We will start by entering the tanks water volume which is 70 gallons in this case. To get the water volume I took the tank size plus sump minus rock and sand. I might be off a bit with my guess of 70 but it is very likely I am within 10% of the correct number. Don’t agonize over getting your guess perfect because your test kit probably isn’t accurate enough to see the difference anyways. For instance if I was trying to raise the levels 30 parts per million and I was off by 10% and really added 33 parts per million it is very unlikely a hobby grade test kit would be able to display the difference.

Once I have the volume entered and the current calcium level which is 390, my desired level of 420, and what I am are dosing with which in this case is 2 part calcium solution and hit calculate. The calculator tells me I need 214 ml of calcium solution as well as some mixing and dosing notes on the side. One of the more important dosing notes is a recommendation that I don’t change the calcium level more than 50 ppm in a single day. In this case I am going from 390 to 420 which is only 30ppm so I can add it all in a single dose. It also mentions that I add it slowly to a high flow area of the tank. My personal preference is to pour it directly into a high flow powerhead which will disperse the solution quickly and avoid small pockets where the calcium is temporarily really high. The calculator is really accurate so I can come back an hour later, test and see that the levels are indeed 420 now.

It is an incredibly satisfying experience when something that was fairly confusing before is reduced to something as simple as this. The alkalinity and magnesium components are basically the same thing, enter my current levels, where I want them to be and it will tell me exactly how much I need. When you are doing this make sure to pay close attention to the alkalinity dosing notes. The alkalinity component will raise the pH temporarily so we want to add it slower and preferably not more than 1.4 dKH a day. In this case I am going from six to nine so I’m going to split the dose in half and dose over the course of a couple days. In this case I would split up the recommended one hundred and fifty millileters into four 38 milliliter doses.Keep in mind that the corals have consumed some of the alkalinity in the last couple days so it isn’t uncommon to have to make another small adjustment at the end. It’s also critical that the alkalinity solution is added to slowly to a high flow area of the tank.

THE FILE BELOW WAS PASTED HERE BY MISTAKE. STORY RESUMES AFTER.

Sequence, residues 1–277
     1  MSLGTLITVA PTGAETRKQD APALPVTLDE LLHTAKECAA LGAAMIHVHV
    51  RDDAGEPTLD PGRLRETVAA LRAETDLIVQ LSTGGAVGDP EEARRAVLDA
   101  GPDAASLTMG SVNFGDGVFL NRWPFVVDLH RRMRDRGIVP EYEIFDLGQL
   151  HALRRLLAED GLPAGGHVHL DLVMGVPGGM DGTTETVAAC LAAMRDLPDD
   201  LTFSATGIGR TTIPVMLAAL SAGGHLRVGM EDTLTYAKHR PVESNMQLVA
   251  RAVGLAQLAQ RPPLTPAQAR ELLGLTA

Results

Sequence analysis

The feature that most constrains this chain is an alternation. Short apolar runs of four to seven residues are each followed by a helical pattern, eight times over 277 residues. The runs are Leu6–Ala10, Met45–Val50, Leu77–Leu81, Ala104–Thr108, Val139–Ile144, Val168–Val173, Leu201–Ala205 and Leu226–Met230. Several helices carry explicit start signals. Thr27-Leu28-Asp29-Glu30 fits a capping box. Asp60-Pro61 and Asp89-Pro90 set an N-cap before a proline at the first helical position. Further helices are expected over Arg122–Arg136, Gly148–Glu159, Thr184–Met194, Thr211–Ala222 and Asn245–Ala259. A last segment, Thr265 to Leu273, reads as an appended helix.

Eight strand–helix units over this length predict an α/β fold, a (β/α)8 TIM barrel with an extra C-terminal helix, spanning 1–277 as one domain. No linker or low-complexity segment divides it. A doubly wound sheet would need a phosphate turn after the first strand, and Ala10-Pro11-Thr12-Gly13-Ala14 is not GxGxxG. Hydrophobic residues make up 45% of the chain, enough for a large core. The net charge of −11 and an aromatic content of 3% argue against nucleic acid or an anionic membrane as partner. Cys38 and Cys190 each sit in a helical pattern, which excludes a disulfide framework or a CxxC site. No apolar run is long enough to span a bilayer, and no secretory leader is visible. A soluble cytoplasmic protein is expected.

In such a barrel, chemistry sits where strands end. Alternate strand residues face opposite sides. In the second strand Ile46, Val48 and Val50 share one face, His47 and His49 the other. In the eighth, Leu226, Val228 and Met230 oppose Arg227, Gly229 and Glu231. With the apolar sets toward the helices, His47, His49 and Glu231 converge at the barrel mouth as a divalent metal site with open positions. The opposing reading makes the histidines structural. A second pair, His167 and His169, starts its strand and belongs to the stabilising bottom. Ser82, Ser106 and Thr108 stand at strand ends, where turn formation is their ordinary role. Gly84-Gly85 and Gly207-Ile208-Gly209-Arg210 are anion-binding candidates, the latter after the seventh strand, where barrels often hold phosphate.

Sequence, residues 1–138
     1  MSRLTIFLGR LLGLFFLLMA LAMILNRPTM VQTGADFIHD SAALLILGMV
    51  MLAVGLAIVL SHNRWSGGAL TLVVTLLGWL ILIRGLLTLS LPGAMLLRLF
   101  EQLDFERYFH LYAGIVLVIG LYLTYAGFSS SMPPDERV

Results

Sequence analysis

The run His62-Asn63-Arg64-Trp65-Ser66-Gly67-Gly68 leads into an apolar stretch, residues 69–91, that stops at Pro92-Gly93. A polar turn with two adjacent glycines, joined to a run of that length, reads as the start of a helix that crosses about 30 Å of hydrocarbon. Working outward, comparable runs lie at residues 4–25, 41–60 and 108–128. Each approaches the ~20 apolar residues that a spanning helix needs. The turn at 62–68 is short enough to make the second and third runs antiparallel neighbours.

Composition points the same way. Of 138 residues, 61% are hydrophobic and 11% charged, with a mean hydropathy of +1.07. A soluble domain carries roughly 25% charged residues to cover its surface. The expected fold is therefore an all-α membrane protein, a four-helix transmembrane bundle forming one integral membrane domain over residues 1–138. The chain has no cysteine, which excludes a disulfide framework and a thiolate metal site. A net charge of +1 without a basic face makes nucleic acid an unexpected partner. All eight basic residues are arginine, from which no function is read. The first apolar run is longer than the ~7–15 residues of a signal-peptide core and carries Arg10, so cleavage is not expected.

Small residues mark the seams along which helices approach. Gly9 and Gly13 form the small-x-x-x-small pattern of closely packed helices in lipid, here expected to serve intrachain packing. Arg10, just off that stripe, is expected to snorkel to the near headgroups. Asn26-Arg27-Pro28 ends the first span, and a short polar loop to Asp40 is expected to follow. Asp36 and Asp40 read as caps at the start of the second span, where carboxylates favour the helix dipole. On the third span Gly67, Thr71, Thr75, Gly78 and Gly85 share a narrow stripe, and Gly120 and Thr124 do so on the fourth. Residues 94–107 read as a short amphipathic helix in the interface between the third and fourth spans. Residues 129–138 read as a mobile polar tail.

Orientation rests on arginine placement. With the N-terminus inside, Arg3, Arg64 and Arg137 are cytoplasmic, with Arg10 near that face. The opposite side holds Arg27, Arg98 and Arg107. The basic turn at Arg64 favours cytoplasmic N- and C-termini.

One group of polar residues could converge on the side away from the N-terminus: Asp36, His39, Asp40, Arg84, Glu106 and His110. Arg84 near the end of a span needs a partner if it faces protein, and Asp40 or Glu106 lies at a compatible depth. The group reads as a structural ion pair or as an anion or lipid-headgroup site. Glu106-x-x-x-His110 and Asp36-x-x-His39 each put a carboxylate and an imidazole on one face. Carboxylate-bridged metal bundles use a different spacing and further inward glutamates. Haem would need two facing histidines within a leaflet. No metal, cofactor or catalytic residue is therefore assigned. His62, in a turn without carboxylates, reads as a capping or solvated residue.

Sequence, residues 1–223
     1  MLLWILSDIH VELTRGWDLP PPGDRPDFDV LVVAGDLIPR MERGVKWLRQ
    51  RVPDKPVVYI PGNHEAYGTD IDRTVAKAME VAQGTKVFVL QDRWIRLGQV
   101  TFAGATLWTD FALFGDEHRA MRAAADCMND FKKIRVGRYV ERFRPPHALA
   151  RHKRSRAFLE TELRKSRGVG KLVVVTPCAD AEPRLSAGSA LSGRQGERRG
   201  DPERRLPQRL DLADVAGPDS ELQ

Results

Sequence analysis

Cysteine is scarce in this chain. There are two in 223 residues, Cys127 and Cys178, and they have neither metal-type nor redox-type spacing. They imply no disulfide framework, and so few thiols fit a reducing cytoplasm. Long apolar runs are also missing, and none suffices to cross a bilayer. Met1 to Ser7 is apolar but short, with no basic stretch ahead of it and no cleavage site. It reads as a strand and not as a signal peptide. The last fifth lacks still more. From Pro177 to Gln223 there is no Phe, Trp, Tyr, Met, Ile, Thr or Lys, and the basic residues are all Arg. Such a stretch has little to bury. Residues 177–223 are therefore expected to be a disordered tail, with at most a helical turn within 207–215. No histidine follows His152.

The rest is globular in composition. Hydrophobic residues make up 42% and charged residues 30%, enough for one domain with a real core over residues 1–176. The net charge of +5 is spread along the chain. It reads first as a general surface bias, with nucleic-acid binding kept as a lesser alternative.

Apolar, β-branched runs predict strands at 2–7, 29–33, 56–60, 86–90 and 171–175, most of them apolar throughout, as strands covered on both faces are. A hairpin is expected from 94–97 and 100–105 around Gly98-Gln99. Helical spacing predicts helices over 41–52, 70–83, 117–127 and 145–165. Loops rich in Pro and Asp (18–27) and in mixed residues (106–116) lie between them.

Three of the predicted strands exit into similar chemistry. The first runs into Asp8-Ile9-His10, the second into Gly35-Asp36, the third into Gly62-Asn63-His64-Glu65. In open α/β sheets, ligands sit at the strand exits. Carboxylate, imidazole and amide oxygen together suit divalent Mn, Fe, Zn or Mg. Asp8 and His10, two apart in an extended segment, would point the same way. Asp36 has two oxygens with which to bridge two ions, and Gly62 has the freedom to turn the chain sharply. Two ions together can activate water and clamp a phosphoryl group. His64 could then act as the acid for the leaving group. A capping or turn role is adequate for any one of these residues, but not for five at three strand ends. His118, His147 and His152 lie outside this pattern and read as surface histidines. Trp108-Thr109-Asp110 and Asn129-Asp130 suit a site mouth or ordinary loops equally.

The alkalinity solution will with raise the pH. While the effect on this entire tank is pretty subtle. say from 8.1 to 8.2. The effect on the localized area where you added the solution is obviously much higher. For best dispersion I find adding it near a high flow powerhead, pouring it directly into the overflow or dripping it slowly anywhere into the tank to be some of the best options. Ok we got the levels where you want them, how do we keep them there? This is where the two part daily dosing comes in.

Process is pretty simple. More or less my corals and coralline algae have consumed some amount of calcium and alkalinity in the last day since I got my levels right. We are going to replace that small amount of missing calcium and alkalinity with the two part jugs we mixed up earlier. To figure out how much our tank is consuming we started with the recommended dose found in the instructions. Since it is pretty common for most of reefers to assume more is better these are designed to be a starting point and on the lighter side.

So for instance on a tank like this one I would consider to be medium to high demand tank demand since it has a somewhat dense mix of LPS and SPS . The tank has around 70 gallons of water in it so we will start by dosing 20 milliliters of calcium and alkalinity and then we’ll test in a few days. Turns out the levels dropped a bit so we upped the dose to thirty to forty and then after a couple of more adjustments I found 60ml a day to be the correct dose where the levels are stable. I’ll test again in a week to make sure we got it right. I would like to note that it is much better to start low and work higher rather than start high and work down because adding too much can cause issues like precipitation which makes it harder to hone in on the right dose.